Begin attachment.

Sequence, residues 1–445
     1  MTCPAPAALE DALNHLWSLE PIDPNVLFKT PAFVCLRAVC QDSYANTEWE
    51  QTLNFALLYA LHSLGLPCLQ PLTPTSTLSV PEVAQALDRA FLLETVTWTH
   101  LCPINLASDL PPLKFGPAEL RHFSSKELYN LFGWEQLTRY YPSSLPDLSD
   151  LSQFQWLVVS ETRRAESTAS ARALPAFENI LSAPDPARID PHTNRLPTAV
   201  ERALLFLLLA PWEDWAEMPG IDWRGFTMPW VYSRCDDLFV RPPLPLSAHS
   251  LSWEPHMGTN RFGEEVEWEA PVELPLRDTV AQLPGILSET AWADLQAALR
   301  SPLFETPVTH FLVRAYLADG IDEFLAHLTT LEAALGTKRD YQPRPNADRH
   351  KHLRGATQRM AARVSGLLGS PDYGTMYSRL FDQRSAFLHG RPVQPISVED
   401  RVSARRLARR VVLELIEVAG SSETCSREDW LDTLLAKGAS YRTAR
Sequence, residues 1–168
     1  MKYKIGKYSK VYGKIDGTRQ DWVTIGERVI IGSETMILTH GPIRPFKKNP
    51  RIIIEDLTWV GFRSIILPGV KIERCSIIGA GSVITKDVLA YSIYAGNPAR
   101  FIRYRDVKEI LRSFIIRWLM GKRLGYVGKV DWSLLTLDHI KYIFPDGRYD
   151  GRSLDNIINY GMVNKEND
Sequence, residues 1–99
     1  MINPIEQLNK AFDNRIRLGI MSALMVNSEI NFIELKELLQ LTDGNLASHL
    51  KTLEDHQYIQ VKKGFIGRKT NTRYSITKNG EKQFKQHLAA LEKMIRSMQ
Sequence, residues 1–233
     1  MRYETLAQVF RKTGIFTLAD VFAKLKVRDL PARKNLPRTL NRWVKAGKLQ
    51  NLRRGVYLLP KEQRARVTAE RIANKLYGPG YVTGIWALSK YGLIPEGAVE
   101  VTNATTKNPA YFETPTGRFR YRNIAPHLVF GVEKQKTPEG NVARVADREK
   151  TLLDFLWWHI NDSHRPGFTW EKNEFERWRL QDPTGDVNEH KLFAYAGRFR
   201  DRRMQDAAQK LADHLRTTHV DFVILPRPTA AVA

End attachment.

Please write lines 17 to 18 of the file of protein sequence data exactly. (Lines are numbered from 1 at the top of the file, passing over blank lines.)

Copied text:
     1  MINPIEQLNK AFDNRIRLGI MSALMVNSEI NFIELKELLQ LTDGNLASHL
    51  KTLEDHQYIQ VKKGFIGRKT NTRYSITKNG EKQFKQHLAA LEKMIRSMQ